Ugh... the political correctness crap continues. Who cares either way? People should be much more outraged that it's damned near impossible to get a shred of truth from any of our news sources these days. These celebrations didn't even require news coverage unless they grew into riots. Party, don't party, quietly reflect, even mourn his death, it's up to you. Why should any of this concern you at all? Let them throw back a beer in celebration of whatever they want. SO sick of hearing about people being offended by everything. Time to just let some crap go for a change and get on with your life and get out of everyone else's.

    May 4, 2011 at 9:12 pm |
    • Mark T.

      Amen, brother!

      May 4, 2011 at 9:27 pm |
    • reddfrog

      Do what you want, but your freedom to do anything you want stops when it starts to negatively affect your country. That is why America is going down the sewer, everybody thinks and does only of what they themselves want without regards to the country as a whole.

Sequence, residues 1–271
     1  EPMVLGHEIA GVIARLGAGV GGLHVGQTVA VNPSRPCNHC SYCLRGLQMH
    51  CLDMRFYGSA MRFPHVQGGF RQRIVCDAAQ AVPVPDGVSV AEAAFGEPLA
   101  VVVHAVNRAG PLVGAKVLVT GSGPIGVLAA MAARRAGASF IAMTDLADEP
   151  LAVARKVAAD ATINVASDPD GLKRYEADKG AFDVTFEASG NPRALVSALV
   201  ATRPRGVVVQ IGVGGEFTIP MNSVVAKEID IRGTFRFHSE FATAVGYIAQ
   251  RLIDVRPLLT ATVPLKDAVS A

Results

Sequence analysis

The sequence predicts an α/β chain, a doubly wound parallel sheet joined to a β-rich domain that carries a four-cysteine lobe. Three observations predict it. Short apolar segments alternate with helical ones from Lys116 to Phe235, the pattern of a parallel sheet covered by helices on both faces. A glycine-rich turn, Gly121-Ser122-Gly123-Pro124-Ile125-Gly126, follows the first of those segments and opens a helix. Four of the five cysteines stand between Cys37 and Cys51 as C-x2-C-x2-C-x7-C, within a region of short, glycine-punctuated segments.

May 4, 2011 at 9:43 pm |
  16. M Ruzza

    What's the point of celebrating Bin Laden's death? Wlhile the world no doubt is a better place without him, his death in itself won't heal the world. Understanding, respect and an inclination to help each other will have to replace hate, mistrust and the urge to kill before we can dance in the streets. I was sickened by the sight of young people (who probably had been around elementary school age on 9/11) having the kind of good time one might expect from a successful social 'event" posting on Facebook. Or a new High Score on Angry Birds. It was too ghoulish for words.